Financial advisors are often the first to see elder financial abuse, but concerns about client privacy and their own liability often get in the way of reporting. New legislation may change that.
The “Senior Safe Act” was recently passed by the House of Representatives, according to nasdaq.com in “Advisers May Get New Tools to Combat Elder Financial Abuse.” If the Senate keeps the momentum going, which industry trade groups are working towards, the hope is that financial advisors will become a helpful force in reporting elder financial abuse.
If it becomes law, civil and administrative liability protection will be in place for advisers, broker-dealers and other financial professionals who report suspected abuse to an agency—such as Adult Protective Services, law enforcement authorities, and state and federal regulators.
The bill says that compliance officers and other firm supervisors would be immune from liability as long as they had received training on identifying elder abuse.
With millions of baby boomers retiring, additional efforts are needed to protect the nation's most vulnerable citizens.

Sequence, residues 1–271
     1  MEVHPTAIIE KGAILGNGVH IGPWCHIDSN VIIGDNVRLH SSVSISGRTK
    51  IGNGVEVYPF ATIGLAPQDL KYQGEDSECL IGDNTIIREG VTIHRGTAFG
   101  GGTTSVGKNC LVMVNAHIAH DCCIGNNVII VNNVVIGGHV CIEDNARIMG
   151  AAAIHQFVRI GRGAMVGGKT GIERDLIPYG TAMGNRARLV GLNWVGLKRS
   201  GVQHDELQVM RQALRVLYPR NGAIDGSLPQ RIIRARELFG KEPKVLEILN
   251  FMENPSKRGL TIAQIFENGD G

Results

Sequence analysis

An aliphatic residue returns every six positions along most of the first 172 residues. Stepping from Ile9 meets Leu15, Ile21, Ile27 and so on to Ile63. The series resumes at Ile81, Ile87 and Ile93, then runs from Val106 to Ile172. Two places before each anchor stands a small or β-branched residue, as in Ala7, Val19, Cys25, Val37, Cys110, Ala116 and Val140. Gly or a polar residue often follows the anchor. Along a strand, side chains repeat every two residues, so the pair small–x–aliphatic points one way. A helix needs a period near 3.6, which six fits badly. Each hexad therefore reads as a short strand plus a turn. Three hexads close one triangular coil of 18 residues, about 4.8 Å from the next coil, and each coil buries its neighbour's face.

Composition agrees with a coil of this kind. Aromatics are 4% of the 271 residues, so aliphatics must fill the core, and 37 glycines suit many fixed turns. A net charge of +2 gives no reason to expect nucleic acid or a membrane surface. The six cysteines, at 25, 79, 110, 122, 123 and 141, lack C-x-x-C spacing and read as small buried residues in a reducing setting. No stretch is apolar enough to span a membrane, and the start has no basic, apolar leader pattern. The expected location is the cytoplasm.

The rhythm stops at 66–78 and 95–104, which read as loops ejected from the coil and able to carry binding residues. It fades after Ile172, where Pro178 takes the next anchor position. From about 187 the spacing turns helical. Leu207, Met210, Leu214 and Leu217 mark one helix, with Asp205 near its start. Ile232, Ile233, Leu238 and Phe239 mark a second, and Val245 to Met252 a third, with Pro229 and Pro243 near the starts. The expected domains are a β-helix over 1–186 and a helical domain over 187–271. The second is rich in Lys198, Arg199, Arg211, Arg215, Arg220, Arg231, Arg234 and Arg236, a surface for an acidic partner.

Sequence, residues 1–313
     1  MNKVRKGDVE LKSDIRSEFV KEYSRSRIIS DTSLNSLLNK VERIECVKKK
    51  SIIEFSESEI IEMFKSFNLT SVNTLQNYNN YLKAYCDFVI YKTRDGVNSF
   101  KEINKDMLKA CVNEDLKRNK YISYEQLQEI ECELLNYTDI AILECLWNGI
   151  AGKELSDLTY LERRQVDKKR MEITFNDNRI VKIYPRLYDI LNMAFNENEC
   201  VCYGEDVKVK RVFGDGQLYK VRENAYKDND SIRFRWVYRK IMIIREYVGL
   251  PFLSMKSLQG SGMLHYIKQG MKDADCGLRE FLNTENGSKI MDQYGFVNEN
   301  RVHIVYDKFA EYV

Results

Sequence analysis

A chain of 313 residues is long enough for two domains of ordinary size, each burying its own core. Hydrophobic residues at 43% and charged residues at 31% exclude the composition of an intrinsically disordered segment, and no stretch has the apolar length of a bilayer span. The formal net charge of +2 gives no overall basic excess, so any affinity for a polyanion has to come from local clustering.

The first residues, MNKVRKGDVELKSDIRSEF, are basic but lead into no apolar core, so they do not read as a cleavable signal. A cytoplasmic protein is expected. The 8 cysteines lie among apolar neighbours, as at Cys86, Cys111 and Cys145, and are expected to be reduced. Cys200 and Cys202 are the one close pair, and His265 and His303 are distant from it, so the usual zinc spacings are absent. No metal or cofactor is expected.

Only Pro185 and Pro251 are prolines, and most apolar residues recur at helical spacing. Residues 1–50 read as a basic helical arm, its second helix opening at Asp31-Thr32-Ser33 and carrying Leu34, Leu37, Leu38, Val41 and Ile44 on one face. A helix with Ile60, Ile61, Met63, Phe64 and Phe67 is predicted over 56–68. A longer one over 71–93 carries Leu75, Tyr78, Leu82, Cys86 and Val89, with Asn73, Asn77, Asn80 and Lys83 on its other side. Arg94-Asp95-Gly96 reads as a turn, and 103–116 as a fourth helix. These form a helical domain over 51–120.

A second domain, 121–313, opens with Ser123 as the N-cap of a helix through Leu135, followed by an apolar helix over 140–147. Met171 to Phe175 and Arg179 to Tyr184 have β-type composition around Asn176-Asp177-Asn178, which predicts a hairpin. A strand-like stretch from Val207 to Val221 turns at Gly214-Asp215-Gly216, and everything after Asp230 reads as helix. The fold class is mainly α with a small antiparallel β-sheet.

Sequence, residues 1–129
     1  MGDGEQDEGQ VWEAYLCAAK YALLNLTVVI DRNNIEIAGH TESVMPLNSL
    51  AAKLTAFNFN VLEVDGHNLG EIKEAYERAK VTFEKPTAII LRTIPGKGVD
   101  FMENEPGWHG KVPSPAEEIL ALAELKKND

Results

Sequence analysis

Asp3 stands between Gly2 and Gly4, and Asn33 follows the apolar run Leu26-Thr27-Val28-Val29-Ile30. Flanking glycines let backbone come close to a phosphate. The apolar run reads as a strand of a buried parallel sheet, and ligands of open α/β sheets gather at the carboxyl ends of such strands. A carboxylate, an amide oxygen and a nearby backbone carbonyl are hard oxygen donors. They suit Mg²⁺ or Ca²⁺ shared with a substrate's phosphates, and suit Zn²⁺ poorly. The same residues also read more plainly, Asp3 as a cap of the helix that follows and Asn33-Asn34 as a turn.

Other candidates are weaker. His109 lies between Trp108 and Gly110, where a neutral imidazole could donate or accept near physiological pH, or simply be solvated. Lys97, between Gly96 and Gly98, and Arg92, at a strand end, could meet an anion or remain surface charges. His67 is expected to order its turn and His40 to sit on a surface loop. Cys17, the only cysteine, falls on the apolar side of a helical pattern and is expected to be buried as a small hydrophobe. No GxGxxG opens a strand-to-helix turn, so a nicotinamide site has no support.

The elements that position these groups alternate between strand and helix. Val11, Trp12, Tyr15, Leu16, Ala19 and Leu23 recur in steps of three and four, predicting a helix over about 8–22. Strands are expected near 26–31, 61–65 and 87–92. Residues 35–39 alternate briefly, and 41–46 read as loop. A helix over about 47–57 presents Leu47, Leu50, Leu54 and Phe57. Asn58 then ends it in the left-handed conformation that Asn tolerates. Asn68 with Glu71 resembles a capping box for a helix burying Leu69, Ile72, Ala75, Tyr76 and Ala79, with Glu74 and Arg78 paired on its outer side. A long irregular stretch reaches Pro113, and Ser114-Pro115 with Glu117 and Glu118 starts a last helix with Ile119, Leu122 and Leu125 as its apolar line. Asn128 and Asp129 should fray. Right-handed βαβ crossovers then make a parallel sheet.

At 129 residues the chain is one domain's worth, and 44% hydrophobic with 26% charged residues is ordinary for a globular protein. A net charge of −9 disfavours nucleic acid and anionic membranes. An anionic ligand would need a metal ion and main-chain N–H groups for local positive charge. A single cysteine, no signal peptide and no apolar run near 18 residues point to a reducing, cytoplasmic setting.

There is companion legislation in the Senate authored by Susan Collins (R-Maine). That bill is awaiting consideration by the Senate Banking Committee.
Critics of the bill raise concerns that the shield from liability under privacy laws applies only to situations in which advisers report abuse to covered agencies. Frequently the best way to deter financial exploitation can be to alert the victim's family. Fraud happens from people outside the family, and getting the family involved may be all it takes to make it stop, they argue. They go on to say that reporting to these agencies can just cause more problems for the family.
Vermont, Indiana and Alabama have created new laws that make it a legal requirement for advisers to report suspected financial elder abuse, rather than simply providing some kind of liability protection.
Expectations for the federal law are mixed. Some feel that reporting measures may not be as effective, since they only apply to situations where advisers report abuse to specific agencies. Others feel that the family is the best defense against financial exploitation and that having government agencies involved will have unintended consequences.